litigation in an attempt to thwart a legitimate investigation into its
financial dealings," James said. "Thus far in our investigation, we have
uncovered significant evidence that suggests Donald J. Trump and the Trump
Organization falsely and fraudulently valued multiple assets and misrepresented
those values to financial institutions for economic benefit."
Although James' civil investigation is separate from the criminal
investigation, her office has been involved in both, dispatching several
lawyers to work side-by-side with prosecutors from the Manhattan D.A.'s office.
James' office said that under state law, it could seek "a broad range of
remedies" against companies found to have committed commercial fraud,
"including revoking a license to conduct business within the state, moving to
have an officer or director removed from board of directors, and restitution
and disgorgement of ill-gotten gains."
In the court papers, James' office said evidence shows that Trump's company:
-- Listed his Seven Springs estate north of New York City as being worth
$291 million, based on the dubious assumption that it could reap $161 million
from building nine luxury homes.
-- Added a "brand premium" of 15% to 30% to the value of some properties
because they carried the Trump name, despite financial statements explicitly
stating they didn't incorporate brand value.
-- Inflated the value of a suburban New York golf club by millions of
dollars by counting fees for memberships that weren't sold or were never paid.
-- Valued a Park Avenue condominium tower at $350 million, based on proceeds
it could reap from unsold units, even though many of those apartments were
likely to sell for less because they were covered by rent stabilization laws.
-- Valued an apartment being rented to Ivanka Trump at as high as $25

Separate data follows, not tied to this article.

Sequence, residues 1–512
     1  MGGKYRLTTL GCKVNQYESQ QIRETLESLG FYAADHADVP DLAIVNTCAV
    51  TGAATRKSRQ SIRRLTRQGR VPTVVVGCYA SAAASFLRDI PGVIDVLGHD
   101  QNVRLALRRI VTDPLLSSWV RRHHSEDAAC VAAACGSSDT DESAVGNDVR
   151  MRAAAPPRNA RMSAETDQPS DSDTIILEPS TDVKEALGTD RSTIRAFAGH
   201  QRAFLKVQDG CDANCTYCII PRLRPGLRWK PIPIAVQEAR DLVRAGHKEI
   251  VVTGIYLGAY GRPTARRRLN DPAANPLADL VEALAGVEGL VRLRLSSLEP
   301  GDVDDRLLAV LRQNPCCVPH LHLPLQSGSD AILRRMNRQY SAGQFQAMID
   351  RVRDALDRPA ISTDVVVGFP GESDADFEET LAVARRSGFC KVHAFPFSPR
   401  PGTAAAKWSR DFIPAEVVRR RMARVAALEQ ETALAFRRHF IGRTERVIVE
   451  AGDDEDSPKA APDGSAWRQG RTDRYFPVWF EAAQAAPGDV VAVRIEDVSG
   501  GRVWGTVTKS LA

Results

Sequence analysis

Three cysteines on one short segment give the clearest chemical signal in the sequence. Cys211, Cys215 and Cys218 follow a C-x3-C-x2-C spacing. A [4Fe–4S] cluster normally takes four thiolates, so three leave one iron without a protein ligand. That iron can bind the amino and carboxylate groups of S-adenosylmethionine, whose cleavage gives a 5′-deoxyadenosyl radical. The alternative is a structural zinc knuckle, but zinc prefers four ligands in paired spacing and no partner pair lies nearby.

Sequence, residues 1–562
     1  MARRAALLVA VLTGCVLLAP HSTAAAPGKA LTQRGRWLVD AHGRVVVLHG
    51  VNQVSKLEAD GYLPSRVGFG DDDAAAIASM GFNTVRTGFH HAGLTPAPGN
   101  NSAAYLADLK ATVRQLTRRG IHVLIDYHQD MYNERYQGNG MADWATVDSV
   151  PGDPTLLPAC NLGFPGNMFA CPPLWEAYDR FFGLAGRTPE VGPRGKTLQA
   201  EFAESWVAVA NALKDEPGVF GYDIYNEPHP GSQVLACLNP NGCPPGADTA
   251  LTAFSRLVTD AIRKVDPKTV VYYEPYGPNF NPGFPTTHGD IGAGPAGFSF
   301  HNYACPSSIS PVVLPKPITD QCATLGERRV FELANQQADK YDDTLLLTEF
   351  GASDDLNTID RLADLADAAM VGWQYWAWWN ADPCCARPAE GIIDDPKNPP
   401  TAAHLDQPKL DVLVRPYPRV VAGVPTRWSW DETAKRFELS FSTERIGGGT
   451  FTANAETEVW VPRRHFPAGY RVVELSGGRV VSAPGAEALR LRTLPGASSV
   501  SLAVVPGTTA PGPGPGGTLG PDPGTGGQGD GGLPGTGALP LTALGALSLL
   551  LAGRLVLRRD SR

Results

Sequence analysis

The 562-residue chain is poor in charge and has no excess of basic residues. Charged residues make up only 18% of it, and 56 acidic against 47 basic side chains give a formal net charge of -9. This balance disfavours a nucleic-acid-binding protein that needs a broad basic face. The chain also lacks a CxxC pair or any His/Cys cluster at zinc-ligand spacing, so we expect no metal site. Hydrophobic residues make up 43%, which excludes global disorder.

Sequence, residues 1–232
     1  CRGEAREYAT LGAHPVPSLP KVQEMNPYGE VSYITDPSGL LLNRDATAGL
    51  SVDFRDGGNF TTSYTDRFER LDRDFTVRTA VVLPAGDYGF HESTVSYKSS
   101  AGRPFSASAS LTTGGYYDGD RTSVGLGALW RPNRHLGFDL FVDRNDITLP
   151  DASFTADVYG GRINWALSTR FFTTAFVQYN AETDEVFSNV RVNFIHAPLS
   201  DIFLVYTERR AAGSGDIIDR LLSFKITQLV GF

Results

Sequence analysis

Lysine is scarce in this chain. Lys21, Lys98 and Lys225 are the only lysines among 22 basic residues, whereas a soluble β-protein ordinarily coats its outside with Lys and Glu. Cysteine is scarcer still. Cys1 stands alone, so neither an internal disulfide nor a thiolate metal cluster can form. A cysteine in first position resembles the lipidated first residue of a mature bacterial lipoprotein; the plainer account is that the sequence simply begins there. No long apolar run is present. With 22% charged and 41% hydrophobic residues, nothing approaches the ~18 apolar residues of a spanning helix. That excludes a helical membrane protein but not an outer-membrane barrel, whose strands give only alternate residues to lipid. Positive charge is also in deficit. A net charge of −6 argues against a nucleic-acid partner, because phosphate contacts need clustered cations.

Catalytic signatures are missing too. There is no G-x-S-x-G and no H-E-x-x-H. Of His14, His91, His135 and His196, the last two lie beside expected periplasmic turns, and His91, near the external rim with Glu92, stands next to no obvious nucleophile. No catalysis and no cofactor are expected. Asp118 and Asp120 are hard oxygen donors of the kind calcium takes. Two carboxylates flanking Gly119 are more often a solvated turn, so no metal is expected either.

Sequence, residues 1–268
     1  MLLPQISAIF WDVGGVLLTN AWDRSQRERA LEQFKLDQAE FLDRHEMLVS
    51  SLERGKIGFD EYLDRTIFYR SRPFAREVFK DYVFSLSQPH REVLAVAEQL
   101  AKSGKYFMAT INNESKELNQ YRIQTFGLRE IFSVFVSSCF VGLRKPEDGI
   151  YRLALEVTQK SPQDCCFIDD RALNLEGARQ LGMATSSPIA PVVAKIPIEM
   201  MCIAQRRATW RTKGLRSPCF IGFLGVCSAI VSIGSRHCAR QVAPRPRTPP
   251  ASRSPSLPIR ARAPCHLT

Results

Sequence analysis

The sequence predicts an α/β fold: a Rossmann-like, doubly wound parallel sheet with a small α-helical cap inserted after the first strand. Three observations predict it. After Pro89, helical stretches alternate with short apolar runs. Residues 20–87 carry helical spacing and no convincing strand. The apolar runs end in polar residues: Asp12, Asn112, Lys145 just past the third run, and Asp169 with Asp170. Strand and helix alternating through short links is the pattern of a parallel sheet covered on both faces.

million, even though she had an option to buy it for $8.5 million.
-- Said in documents that its stake in an office building, 40 Wall Street,
was worth $525 million to $602 million -- between two to three times the
estimate reached by appraisers working for the lender Capital One.
One judge has previously sided with James on an earlier request to question
another Trump son, Trump Organization executive Eric Trump, who ultimately sat
for a deposition but declined to answer some questions.
Last year, the Manhattan district attorney brought tax fraud charges against
the Trump Organization and Weisselberg, its longtime chief financial officer.
Weisselberg pleaded not guilty to charges alleging he and the company evaded
taxes on lucrative fringe benefits paid to executives.
Both investigations are at least partly related to allegations made in news
reports and by Trump's former personal lawyer, Michael Cohen, that Trump had a
history of misrepresenting the value of assets.
The disclosures about the attorney general's investigation came the same day
as Trump ally Rudy Giuliani and other members of the legal team that had sought
to overturn the results of the 2020 presidential election were subpoenaed by a
House committee investigating the U.S. Capitol insurrection.